This said, we would caution against taking at face value some of the indicators presented in the Staff Report which—like the Doing Business and WEF indicators—suggest that Italy is at the bottom of OECD countries in virtually all respects. Indeed this is the impression that one gets in reading the Staff Report, given the selection of the indicators presented. In this regard, the list of the variables for the chart at page 10 excludes all the dimensions of the World Bank indices along which Italy is performing relatively better, such as: “Starting a business” (18th position among OECD countries); “Registering a property” (14th); “Protection of minority shareholders” (10th).
Furthermore, some of the indicators the Staff Report put a lot of emphasis on are probably not very revealing of actual conditions. Drawing from the Doing Business database, the Staff Report notes that it takes 120 days (for a business) to get electricity connection in Italy. The Staff Report does not say that, according to the same database, it would take 126 days to get a connection in the UK, 132 days in Los Angeles and 142 days in Canada. Admittedly, the Netherlands and Japan would be in a better position, but not by much (respectively 117 and 105 days). These data cast doubts on the quality of the reported indicator.
But the problems with these indicators are more general in the case of Italy for three reasons:
The Doing Business indicators refer to central Italy, whose efficiency, for example in terms of public services, is not representative of the national average weighted by regional GDP (whose production is skewed toward the most efficient regions). It is strange that staff does not acknowledge this problem, as the Staff Report does underscore the major differences in the efficiency of public services across the country.
The WEF indexes are typically based on perceptions and, for Italy (to a much larger extent than for other countries, based on econometric estimates) there is a wide gap between perceptions and more objective information. For example, according to a Eurobarometer survey, while a very large proportion of respondents (97 percent) argue that corruption is widespread in Italy, the proportion of those who personally know anyone who takes or has taken bribes in Italy is only 9 percent, at the lowest among the EU countries. Econometric evidence shows that, while there is in general a statistical relationship between perception of corruption and its direct evidence across countries, in the case of Italy the fit is very poor and the relationship does not hold. Therefore, while perception indicators are useful for many countries, for Italy they may not be so useful, and hence should not be overemphasized.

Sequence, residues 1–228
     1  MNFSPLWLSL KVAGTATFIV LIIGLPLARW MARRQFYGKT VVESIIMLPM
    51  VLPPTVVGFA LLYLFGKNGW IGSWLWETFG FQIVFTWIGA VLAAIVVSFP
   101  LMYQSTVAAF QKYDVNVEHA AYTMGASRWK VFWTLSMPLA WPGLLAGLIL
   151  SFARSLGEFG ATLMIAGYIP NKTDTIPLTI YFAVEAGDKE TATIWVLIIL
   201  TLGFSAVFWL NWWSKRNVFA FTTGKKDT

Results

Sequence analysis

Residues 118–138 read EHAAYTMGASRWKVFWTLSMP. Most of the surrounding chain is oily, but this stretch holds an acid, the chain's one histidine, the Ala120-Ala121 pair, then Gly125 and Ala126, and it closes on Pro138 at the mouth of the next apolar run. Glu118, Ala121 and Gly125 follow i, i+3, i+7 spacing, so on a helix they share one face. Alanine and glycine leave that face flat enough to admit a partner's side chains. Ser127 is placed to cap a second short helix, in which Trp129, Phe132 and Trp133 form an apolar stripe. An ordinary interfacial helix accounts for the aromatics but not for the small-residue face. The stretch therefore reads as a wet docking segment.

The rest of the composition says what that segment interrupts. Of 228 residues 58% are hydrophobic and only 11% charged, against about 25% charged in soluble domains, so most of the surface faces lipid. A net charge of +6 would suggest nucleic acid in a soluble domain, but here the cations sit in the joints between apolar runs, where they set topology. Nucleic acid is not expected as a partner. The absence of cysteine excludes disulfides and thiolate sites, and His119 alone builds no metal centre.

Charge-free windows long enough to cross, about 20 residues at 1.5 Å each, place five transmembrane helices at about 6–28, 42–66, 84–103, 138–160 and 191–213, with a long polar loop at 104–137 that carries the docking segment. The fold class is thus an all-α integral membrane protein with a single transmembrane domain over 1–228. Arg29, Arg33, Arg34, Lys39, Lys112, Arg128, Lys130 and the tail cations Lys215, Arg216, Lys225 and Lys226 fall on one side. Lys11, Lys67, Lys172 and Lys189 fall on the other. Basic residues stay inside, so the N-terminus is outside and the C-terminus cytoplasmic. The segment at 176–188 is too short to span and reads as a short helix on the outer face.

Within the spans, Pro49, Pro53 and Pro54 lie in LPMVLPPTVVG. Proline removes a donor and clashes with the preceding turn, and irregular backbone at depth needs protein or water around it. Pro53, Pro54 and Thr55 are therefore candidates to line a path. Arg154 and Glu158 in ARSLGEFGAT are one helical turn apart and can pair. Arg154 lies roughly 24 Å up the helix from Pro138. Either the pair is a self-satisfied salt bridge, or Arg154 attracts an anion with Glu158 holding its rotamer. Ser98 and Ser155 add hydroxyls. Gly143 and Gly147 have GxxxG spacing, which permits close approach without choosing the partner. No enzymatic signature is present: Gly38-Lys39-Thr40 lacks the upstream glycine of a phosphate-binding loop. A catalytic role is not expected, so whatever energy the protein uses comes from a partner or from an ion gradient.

Third, the reported indicators typically give a snapshot of the current situation but do not describe the trends. This may miss important developments. For example, OECD PISA surveys do indeed show that Italian pupils’ competences are below the OECD average, but Italy is one of the countries which over recent years recorded one of the most marked improvements in competences in mathematics and science. Furthermore, between 2003 and 2012, Italy reduced the share of “low performers” by 7 percentage points, and increased that of the “top performers” by 3 percentage points.
Finally, it is difficult to square the image of the country conveyed by the indicators included in the Staff Report with some hard data. The Report appropriately underscores the disappointing productivity and GDP performance of the Italian economy over the last decade. It would have been more balanced to mention also some points of strength. Italy has the second largest manufacturing industry in Europe and the seventh in the world. While it is true that the productive system features a portion of small firms which are less innovative and able to compete, it also includes a large share of highly productive and competitive enterprises. According to WTO data, Italian firms are among the top-rank exporters in a wide range of industries (textiles, basic manufactures, transport equipment, machinery, clothing, electronic components). According to a 2013 SIP produced by staff, “In an era dominated by the dramatic expansion of emerging-market exporters, Italy’s tradable sector continues to rank among the world’s leaders – in contrast to many other European countries.” This is confirmed also by the fact that, after the trade collapse in 2009, the volume of Italian goods exports not only has kept up with, but has slightly outpaced potential demand (the weighted average of trade partners’ imports). Against this background, competitiveness indicators based on unit labor costs may underestimate Italian firms’ capacity to compete in international markets. We reiterate our suggestion that the consideration of a broader set of both price and non-price indicators would be more appropriate.
We concur with staff that the improvement in growth prospects is the result not only of the actions of the government but also of more favorable external conditions. The improved macroeconomic outlook has been reflected in the upward revision of earlier staff projections: GDP is now expected to grow by 0.7 percent in 2015 and 1.2 in 2016 (as against, respectively, 0.4 and 0.8 in the January 2015 WEO Update). Over the medium term staff has a somewhat less sanguine outlook than the authorities’, but not by much as the latter have adopted a cautious approach, not including in the projections the likely effect of the structural reforms that have already been and are being implemented.